Nickey Kollie tests B99 and B20 biodiesel fuel at CEMA’s Headquarters in Cromwell at its advanced energy training school (ENTECH) also on the same campus. Shelly Sindland / CEMA

By Shelly Sindland
Chief Communications Officer

Connecticut Energy Marketers Association

Did you know that what you’re eating for breakfast or dinner could also be helping to heat your home while helping the environment? If it sounds far out, it’s actually not! In fact, discarded cooking grease and soybean oil are being processed everyday here in Connecticut and turned into a safe, burnable fuel that also lowers carbon emissions!

“I’m very optimistic about the future of our industry, and what we have to offer, and just making changes to the environment and contributing to a greener, cleaner, future,” said Nickey Kollie, director of Legislative Affairs & Member Services at Connecticut Energy Marketers Association (CEMA).

It’s called biodiesel and if you heat with oil your tank already has a mix of this processed fuel in it, which is helping the environment today.

“We are here to help. We are not the enemy. We are not trying to destroy the planet; that’s not what we are trying to do. As a millennial, trust me, I want to make sure that I have a beautiful world to have children in one day, and so, I’m not against a cleaner environment but we do want everyone to know that we are part of the solution,” Kollie added.

At CEMA’s headquarters in Cromwell, Kollie, other staff members, and students at its premiere advanced energy training school (ENTECH) are constantly testing biodiesel to make sure it meets rigorous standards. As of July 1st, a new Connecticut state law requires all home heating oil contain a 5% biodiesel mix, which will go up to a 50/50 mix by 2035. Most home heating oil today already has a 7% biofuel mix but this new law will guarantee a statewide standard.

“Contrary to what many people believe, we have been changing our fuel over the last decade. We’ve decreased the amount of sulfur in our fuel. Years ago, we were at 5000 parts per million. We decreased that to 500 parts per million, and now we’re at 15 parts per million of sulfur in our fuel. That’s down 98% in the last decade,” Kollie said.

“We decided that we needed to make changes not because of the government telling us what to do, or because of environmental laws, we were doing it because we knew something needed to be changed in our fuel and in our industry. Everything is evolving and as an industry; we have been evolving as well,” Kollie added.

“We are here to help. We are not the enemy.”

Nickey Kollie, CEMA’s Director of Legislative Affairs & Member Services

That’s why as the Connecticut considers a new plan that would pretty much electrify the way we heat our homes, businesses, and drive to work as a way to curb carbon emissions, CEMA is urging state regulators not to leave biodiesel out of the plan.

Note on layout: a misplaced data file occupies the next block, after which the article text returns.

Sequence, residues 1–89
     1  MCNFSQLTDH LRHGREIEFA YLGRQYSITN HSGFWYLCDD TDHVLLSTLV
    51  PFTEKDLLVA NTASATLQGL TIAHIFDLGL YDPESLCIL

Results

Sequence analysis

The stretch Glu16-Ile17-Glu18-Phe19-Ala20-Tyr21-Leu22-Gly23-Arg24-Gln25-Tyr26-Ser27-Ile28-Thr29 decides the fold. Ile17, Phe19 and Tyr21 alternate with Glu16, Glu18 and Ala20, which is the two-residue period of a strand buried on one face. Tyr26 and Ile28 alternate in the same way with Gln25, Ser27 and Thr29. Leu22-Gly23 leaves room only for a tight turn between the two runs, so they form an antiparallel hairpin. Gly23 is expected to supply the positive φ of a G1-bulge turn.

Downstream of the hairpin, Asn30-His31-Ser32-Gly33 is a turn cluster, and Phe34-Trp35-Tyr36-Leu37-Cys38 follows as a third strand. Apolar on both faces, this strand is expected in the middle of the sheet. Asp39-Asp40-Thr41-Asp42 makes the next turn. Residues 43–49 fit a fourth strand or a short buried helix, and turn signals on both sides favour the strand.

“Not only should we be included in the plan, we should probably be the lead part of the plan. I think there is room for all fuels at the table. All clean fuels can help the state achieve global warming solution act goals of a 50 percent reduction in emissions by 2030 and an 80 percent reduction in emissions by 2050,” said Chris Herb, CEO and President of CEMA.

Nearly half the homes in Connecticut already heat with liquid fuels.  Using biodiesel is a cost effective way to lower emissions without breaking the bank.  Converting to electric heaters is expensive and costs anywhere from $20,000 to $40,000 per household. The price tag would leave out many in low and middle-income communities, especially those who rent, and it’s not equitable unless the state gives these electric heat pumps away for free.

“The truth is, electricity is not ready for prime time from an environmental perspective, and it’s decades off, and it will cost billions of dollars to get there,” Herb said.

Used cooking grease and soy bean oil is used to make biodiesel, a clean burning fuel.
This is B99 burning at CEMA; the fuel is clean burning and lowers emissions.
Cups show biofuels B99 and B20. B99 means the fuel is 99% biodiesel; B20 means 20%.
ENTECH instructor Berk Little with student testing the heat of the B100 biodiesel fuel.

A huge price tag that would no doubt be paid for by utility ratepayers who already pay some of the highest electricity rates in the nation. Herb said the future is already here with biodiesel, which will eventually be 100% of the fuel used to heat your home without the expensive upgrade.

“It’s sustainable! It’s green! It’s locally produced. It comes from plant-based products and used cooking grease. This is the essence of what’s good for Connecticut’s economy because it’s creating jobs and giving local benefits. We don’t have to build a wind farm off the coast of Massachusetts to bring clean electricity to Connecticut when we have biofuel being produced right here in Connecticut, from Connecticut restaurants, and used soy bean oil,’’ Herb said.